...lovers, especially since the company left Florence to avoid their woes. Nevertheless, she will fulfil Filostrato’s command with the story of Tancredi and his daughter (later identified as Ghismonda). Tancredi loves... (full context)
Day 4: Second Tale
Love and Sex Theme Icon
Intelligence Theme Icon
Faith vs. Religion Theme Icon
Everyone weeps at the conclusion of Fiammetta’s tale, except Filostrato, who declares that Ghismonda and Guiscardo were luckier than him; they got to enjoy love... (full context)
Day 4: Third Tale
Men and Women Theme Icon
Moderation and Excess Theme Icon
Filostrato, annoyed that Pampinea told a funny tale, hopes that Lauretta will do better. Despite her... (full context)
Day 4: Seventh Tale
Love and Sex Theme Icon
Class and Character Theme Icon
Filostrato demonstrates his lack of pity for Andreuola by bidding Emilia to begin her story immediately.... (full context)
Day 4: Ninth Tale
Love and Sex Theme Icon
Class and Character Theme Icon
 Not to be outdone on his own theme, Filostrato prepares to tell a tale that will arouse more pity than Neifile’s, since its subjects... (full context)
Day 4: Conclusion
Love and Sex Theme Icon
Class and Character Theme Icon
Dioneo’s merry story dispels the day’s melancholy. As the sun sets, Filostrato apologizes handsomely for picking such a disagreeable topic. He then places the crown on the... (full context)
Love and Sex Theme Icon
Men and Women Theme Icon
Moderation and Excess Theme Icon
...garden. After supper, so that his sad woes will blight no further days, Fiammetta asks Filostrato to sing a song. He sings a lament complaining about the cruelty of the singer’s... (full context)
Day 5: Fourth Tale
Moderation and Excess Theme Icon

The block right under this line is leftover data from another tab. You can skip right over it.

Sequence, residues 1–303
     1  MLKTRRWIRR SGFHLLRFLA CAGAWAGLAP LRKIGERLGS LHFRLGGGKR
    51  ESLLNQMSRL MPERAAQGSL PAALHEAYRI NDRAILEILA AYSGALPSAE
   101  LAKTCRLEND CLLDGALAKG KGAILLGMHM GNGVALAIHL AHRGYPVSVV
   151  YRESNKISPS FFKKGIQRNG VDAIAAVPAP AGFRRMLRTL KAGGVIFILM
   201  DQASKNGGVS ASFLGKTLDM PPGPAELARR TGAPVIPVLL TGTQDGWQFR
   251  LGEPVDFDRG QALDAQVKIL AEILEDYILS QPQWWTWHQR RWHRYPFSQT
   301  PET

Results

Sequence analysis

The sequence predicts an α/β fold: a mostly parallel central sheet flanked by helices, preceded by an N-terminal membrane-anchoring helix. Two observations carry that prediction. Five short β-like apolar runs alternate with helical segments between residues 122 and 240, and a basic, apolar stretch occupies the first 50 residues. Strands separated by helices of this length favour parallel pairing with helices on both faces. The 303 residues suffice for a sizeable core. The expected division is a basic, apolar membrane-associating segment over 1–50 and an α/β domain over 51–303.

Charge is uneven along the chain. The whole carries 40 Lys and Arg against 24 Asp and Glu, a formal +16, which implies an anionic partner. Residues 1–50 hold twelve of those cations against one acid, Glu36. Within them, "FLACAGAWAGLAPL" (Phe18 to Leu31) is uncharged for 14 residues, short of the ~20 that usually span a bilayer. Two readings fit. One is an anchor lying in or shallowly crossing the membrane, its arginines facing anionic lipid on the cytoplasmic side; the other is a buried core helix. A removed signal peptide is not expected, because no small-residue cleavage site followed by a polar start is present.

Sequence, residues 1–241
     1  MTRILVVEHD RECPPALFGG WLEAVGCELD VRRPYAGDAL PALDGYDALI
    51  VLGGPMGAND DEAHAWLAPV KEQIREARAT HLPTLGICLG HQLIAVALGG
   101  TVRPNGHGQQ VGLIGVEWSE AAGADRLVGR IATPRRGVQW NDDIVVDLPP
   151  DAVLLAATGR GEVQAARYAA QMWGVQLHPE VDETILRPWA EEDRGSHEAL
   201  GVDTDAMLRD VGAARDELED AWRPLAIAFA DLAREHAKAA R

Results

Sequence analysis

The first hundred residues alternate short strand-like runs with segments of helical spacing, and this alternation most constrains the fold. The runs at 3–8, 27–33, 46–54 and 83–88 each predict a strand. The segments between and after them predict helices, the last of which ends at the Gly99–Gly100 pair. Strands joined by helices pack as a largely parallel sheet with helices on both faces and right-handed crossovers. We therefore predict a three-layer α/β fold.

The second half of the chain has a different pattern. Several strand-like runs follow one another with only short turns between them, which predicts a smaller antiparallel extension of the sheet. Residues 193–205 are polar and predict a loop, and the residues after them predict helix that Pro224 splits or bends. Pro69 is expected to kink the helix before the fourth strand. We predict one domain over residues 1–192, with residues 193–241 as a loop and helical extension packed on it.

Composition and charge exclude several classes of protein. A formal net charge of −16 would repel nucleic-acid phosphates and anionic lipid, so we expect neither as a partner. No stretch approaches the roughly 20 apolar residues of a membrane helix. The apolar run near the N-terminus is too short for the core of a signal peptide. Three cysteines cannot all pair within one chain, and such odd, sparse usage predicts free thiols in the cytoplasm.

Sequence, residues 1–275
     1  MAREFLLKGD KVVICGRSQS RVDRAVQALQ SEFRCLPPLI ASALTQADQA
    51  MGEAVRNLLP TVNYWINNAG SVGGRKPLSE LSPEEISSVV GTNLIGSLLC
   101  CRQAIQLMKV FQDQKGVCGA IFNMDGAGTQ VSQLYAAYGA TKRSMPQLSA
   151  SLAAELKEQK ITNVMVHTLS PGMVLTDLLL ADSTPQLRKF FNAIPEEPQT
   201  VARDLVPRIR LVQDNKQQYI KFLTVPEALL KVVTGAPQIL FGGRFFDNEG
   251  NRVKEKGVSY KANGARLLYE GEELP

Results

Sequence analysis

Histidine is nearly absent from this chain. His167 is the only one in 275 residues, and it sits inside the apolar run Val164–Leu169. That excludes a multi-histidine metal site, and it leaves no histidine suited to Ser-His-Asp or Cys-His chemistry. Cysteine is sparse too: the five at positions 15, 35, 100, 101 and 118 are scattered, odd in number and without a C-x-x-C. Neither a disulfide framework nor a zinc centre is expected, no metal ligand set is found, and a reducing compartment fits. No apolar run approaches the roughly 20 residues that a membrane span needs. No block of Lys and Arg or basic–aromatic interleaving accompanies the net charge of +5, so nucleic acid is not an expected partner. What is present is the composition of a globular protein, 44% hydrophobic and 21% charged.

Filostrato begins his tale with a laugh, acknowledging the mockery he’s received from his companions for... (full context)
Day 5: Fifth Tale
Moderation and Excess Theme Icon
It takes a long time after Filostrato’s tale ends for the laughter to die down, and Fiammetta declares that he’s atoned for... (full context)
Day 6: Fifth Tale
Intelligence Theme Icon
Class and Character Theme Icon
In his tale, Filostrato proposes to expand on Pampinea’s claim that fortune sometimes hides wit in humble men with... (full context)
Day 6: Seventh Tale
Intelligence Theme Icon
Filostrato notes that while being able to say the right thing is generally good, it’s even... (full context)
Day 6: Eighth Tale
Men and Women Theme Icon
Moderation and Excess Theme Icon
At first the ladies of the company are a little embarrassed by Filostrato’s tale, but by the end, they’re laughing merrily. Emilia, as if rousing herself from a... (full context)
Day 6: Conclusion
Men and Women Theme Icon
...water, dress, and return to the men, Pampinea describes the Valley to Dioneo, Panfilo, and Filostrato. (full context)
Love and Sex Theme Icon
Men and Women Theme Icon
After supper, Dioneo, Panfilo, and Filostrato travel to see the Valley of the Ladies for themselves. They return to find the... (full context)
Day 7: Second Tale
Love and Sex Theme Icon
Men and Women Theme Icon
Class and Character Theme Icon
Filostrato goes next, noting the value in sharing wives’ tricks, since displays of their cleverness will... (full context)
Day 8: First Tale
Love and Sex Theme Icon
Men and Women Theme Icon
...forces of Love—rather than seeking material gain—deserve leniency for their sexual indiscretions, as illustrated in Filostrato’s tale of Madonna Filippa. (full context)
Day 8: Fifth Tale
Class and Character Theme Icon
Elissa’s tale reminded Filostrato of another anecdote about Maso del Saggio. Florence’s chief magistrates are often “mean-hearted men” who... (full context)
Day 9: Third Tale
Class and Character Theme Icon
Filostrato will tell the Calandrino story he almost used on Day 8. When Calandrino’s aunt dies,... (full context)
Day 10: Third Tale
Faith vs. Religion Theme Icon
...surprised by the clerical generosity in Elissa’s tale that Panfilo must interrupt their conversation so Filostrato can tell his tale. He proposes to outdo Elissa with the story of a man’s... (full context)